Scale-invariant feature transform (or SIFT) is an algorithm in computer vision to detect and describe local features in images. For any object in an image, interesting points on the object can be extracted to provide a “feature description” of the object. The algorithm was published by David Lowe in 1999.This paper gives a review and describes how SIFT extract the image features that have many properties that make them suitable for matching differing images of an object or scene. The features are invariant to image scaling and rotation, and partially invariant to change in illumination and 3D camera view point . They are well localized in both the spatial and frequency domains, reducing the probability of disruption by occlusion, clutter, or noise. Large numbers of features can be extracted from typical images with efficient algorithms.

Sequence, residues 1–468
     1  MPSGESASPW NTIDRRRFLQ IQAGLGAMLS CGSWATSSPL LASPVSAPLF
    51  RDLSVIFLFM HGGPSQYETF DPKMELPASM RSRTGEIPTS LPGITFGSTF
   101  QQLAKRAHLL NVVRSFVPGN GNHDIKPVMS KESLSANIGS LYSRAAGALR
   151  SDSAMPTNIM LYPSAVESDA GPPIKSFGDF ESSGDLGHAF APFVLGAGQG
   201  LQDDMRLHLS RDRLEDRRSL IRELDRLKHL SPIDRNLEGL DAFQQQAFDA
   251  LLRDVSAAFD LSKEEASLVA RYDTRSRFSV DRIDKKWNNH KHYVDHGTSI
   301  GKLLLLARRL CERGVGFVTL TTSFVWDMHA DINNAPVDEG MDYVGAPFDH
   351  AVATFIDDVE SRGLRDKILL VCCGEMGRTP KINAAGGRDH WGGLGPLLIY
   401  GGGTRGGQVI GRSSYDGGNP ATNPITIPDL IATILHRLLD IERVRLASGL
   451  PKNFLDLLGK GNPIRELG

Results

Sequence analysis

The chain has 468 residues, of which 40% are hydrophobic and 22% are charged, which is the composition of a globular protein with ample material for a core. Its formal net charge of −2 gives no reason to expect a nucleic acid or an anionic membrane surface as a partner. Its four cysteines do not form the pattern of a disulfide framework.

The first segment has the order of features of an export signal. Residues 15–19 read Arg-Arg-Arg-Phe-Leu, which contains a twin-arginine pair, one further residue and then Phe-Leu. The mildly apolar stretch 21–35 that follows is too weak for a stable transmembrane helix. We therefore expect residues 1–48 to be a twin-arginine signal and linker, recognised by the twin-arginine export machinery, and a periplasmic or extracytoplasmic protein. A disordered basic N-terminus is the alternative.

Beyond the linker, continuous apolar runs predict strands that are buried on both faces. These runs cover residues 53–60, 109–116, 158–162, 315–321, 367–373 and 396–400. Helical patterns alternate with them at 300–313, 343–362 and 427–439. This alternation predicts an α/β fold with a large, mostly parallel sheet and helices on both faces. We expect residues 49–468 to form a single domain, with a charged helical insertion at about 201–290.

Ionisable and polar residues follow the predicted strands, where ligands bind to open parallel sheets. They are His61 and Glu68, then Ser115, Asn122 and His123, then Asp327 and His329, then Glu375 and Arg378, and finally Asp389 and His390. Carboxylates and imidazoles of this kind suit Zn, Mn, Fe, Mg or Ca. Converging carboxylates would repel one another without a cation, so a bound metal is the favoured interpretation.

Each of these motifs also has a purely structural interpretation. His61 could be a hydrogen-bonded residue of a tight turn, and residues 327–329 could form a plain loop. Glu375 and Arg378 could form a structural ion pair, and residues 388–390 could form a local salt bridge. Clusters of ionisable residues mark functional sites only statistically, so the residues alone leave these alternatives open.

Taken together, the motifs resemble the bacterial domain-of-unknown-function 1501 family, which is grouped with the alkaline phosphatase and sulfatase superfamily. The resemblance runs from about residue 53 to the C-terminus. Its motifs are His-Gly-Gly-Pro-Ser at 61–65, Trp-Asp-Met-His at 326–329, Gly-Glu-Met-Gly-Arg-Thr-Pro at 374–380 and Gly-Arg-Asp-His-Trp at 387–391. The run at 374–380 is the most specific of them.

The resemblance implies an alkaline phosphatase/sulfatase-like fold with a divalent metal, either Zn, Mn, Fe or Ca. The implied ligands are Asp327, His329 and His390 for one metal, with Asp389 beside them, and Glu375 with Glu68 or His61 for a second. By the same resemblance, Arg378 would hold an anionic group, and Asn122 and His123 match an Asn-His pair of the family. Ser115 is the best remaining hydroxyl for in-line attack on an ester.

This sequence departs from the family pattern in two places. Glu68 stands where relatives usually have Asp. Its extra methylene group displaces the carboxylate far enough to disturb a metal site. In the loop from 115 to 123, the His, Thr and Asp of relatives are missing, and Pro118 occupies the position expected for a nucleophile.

. Lowe, David G. (1999). “Object recognition from local scale-invariant features”. Proceedings of the International Conference on Computer Vision 2. pp. 1150–1157.
. “Method and apparatus for identifying scale invariant features in an image and use of same for locating an object in an image”, David Lowe’s patent for the SIFT algorithm, March 23, 2004.